[Hpn] POVERTY PIMPING --Chicago style

chance martin streetsheet@sf-homeless-coalition.org
Fri, 09 Feb 2001 13:36:59 -0700


http://www.chicagoreader.com/hottype/index.html

For Week of February 9, 2001
By Michael Miner 

StreetWise Boss Feels the Heat

The editor of StreetWise and other staffers went into open rebellion against
executive director Anthony Oliver this week, asking the paper's board of
directors that he "be immediately relieved." In a letter to the board, they
described their appeal as "a desperate attempt to prevent an already crisis
situation from further escalating."

But escalate it did. The letter was faxed to board members Monday. The next
morning, when editor Charity Crouse and production chief Allan Gomez, both
of whom had signed it, reported for work, they weren't allowed into the
StreetWise offices, at 1331 S. Michigan. Crouse told me operations director
Dianne Kenner notified them that the paper feared sabotage, and therefore
they should consider themselves on leave until the board dealt with the
situation.

A party Tuesday night for the staff and board was canceled, as word spread
that the so-called leave was a prelude to dismissal. John Ellis, a former
editor, was known to be flying back to Chicago from California to take over
for Crouse on an interim basis, and I was reliably told that Kenner, who
would not talk to me, was telling others at the paper that no one who signed
the letter would go on working at StreetWise. That would include vendor and
writer Rayford Allen, who says that when he came to work Tuesday he was
handed a letter telling him his "contracting services" were no longer
needed; the language puzzled him, as he had no contract with StreetWise and
had vended that day. It would also include associate editor Kari Lydersen, a
part-timer who didn't come to work Tuesday, and cashier Darlene Bunch, who
reported and worked. Also working Tuesday, but by some accounts on Kenner's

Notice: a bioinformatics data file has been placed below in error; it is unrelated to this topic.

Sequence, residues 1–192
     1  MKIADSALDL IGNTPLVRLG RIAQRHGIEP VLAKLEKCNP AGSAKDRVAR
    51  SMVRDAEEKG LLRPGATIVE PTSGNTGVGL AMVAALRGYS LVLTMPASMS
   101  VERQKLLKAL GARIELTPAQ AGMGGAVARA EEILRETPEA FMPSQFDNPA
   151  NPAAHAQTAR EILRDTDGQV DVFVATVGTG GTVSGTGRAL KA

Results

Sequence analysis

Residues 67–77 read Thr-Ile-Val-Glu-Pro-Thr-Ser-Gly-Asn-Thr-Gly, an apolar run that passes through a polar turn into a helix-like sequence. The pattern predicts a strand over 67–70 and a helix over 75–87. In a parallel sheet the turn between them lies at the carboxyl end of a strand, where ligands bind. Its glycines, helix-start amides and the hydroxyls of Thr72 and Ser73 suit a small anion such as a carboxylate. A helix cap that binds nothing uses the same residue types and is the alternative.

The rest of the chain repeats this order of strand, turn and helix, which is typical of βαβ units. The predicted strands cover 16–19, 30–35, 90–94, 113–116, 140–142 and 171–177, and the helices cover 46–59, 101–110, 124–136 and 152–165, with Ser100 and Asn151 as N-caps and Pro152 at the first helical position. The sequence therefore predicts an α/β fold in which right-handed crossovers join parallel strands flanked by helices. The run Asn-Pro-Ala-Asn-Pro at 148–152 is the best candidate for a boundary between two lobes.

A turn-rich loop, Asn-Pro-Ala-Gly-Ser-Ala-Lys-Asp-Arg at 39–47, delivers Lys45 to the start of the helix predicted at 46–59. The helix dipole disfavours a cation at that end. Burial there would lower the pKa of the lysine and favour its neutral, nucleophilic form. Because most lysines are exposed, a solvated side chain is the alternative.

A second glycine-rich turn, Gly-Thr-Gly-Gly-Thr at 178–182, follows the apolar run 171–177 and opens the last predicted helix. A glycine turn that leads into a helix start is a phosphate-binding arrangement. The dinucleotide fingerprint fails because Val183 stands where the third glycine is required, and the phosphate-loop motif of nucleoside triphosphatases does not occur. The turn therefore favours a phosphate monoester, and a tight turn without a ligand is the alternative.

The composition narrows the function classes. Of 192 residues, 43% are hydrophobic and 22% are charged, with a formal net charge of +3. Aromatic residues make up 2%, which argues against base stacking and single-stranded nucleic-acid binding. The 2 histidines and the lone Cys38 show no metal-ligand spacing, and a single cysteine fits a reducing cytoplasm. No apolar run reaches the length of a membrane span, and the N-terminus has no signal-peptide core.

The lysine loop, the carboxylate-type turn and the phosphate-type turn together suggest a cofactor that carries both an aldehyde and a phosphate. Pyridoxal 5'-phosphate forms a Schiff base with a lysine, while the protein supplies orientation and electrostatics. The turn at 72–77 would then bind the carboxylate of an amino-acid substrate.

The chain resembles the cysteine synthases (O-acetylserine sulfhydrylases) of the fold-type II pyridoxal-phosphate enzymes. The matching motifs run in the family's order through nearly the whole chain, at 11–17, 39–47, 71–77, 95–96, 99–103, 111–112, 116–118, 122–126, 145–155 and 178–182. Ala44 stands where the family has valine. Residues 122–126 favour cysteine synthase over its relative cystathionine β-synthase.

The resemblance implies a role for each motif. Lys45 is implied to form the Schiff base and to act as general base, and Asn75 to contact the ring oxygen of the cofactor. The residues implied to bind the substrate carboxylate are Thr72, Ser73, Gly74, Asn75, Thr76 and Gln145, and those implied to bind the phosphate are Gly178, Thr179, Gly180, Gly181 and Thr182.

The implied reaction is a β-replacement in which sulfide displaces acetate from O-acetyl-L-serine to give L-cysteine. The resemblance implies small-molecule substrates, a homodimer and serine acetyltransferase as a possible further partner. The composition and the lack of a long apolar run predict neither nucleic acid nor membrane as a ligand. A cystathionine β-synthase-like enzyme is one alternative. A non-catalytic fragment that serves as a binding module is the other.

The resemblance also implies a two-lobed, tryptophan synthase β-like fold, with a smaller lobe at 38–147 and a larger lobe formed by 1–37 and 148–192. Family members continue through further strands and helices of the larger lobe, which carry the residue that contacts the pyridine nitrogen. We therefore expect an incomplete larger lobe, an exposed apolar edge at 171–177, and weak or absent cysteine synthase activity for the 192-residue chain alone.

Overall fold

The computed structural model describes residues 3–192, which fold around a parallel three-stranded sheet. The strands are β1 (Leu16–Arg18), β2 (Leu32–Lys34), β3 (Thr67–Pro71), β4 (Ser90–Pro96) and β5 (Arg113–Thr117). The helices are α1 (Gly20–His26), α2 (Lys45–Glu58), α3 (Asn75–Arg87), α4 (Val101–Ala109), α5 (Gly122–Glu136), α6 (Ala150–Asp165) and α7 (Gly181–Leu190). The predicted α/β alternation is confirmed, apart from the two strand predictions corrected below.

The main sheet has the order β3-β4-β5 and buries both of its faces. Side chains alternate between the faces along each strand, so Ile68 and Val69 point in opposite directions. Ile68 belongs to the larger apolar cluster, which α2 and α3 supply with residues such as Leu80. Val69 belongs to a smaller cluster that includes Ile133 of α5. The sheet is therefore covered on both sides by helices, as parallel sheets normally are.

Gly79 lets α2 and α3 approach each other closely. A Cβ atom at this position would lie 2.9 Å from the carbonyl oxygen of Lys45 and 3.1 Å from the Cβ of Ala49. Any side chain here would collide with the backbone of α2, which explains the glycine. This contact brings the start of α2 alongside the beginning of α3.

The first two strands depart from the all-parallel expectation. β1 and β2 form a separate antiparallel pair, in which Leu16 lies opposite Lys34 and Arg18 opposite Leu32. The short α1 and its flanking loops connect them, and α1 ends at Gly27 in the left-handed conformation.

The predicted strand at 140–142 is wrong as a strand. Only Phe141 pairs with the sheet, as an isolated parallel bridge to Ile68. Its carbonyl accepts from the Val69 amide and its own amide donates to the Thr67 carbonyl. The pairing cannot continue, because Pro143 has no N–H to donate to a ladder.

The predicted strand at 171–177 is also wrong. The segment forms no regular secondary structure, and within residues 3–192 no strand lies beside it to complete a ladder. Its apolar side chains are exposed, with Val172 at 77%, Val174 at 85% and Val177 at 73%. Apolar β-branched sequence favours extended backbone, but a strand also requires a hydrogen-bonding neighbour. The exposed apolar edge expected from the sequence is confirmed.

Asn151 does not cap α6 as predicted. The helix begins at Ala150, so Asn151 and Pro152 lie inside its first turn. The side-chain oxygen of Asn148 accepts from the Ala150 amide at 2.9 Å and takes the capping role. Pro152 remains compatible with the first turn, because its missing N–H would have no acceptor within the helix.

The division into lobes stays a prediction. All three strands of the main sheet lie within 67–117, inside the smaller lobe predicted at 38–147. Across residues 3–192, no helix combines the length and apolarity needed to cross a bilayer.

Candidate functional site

dismissal list, was John Sanbonmatsu, the recently hired director of the
job-training and literacy programs. Sanbonmatsu submitted a separate letter
Monday every bit the equal of the others' for blunt criticism.

The divide between Oliver and his staff had been widening for months. At the
urging of board president Pam McElvane, a weekend retreat was held last fall
at the home of editor in chief Jalyne Strong, but it settled nothing.
Staffers remember with some bitterness that the "facilitator" was Oliver's
friend Sharon Allen, whom he subsequently hired as an executive assistant.

A month ago Oliver fired Strong. McElvane tells me Strong left voluntarily,
but the former editor showed me a letter she'd received from Kenner that
said, "You were discharged from StreetWise for insubordination."

That insubordination was, in the view of Strong's former colleagues,
legitimate protest. Their letter to the board recalled that on January 8
Strong had "initiated grievance proceedings" against Oliver and expected
"retaliation" for doing so. Four days later it came. "During her departure
on Jan. 12, Strong announced to members of the editorial department that she
was being forced to leave the building by Mr. Oliver, and other staff
members claim that they were told to prevent Ms. Strong from re-entering the
building."

The charges in the letter to the board this week ranged far beyond Oliver's
treatment of Strong. It accused him of "mismanagement, unconstructive
leadership style, and refusal to deal forthrightly and directly with staff"
and of tactics that "consolidate all authority...yet delegate blame." It
complained that he failed to provide extra resources when StreetWise shifted
from biweekly to weekly publication last March and again when StreetWise DC
was launched last July, yet added "unnecessary and high-cost upper-level
management positions, which serve primarily to create a buffer between staff
and the Executive Director." It told the board that "of the six full-time
staff members with supervisory responsibility" when weekly publication
began, "only one remains."

Furthermore, the letter claimed, the editorial standards of StreetWise were
in peril. "Mr. Oliver has recently stressed several times to the editor and
other editorial staff that the content of the paper needs to be refined to
be more in line with the `future vision' of the organization -- a vision
which includes pursuing advertisers who might be turned off by critical
editorial coverage....Additional plans for providing advertisers with access
to editorial exposure threaten to damage the integrity of the paper as a
journalistic news source....Attempts by members of editorial to raise this
issue with Mr. Oliver are dismissed outright and met with accusations
regarding our presumed `political agendas.'"

The staffers, who asked the board for a written response by next Monday,
added, "We anticipate retaliatory action, as Mr. Oliver has prohibited
anyone on staff from contacting the Board without his permission."

The letter from John Sanbonmatsu agreed that Oliver had to go. Sanbonmatsu,
who told the board he was still waiting for a job description, claimed he'd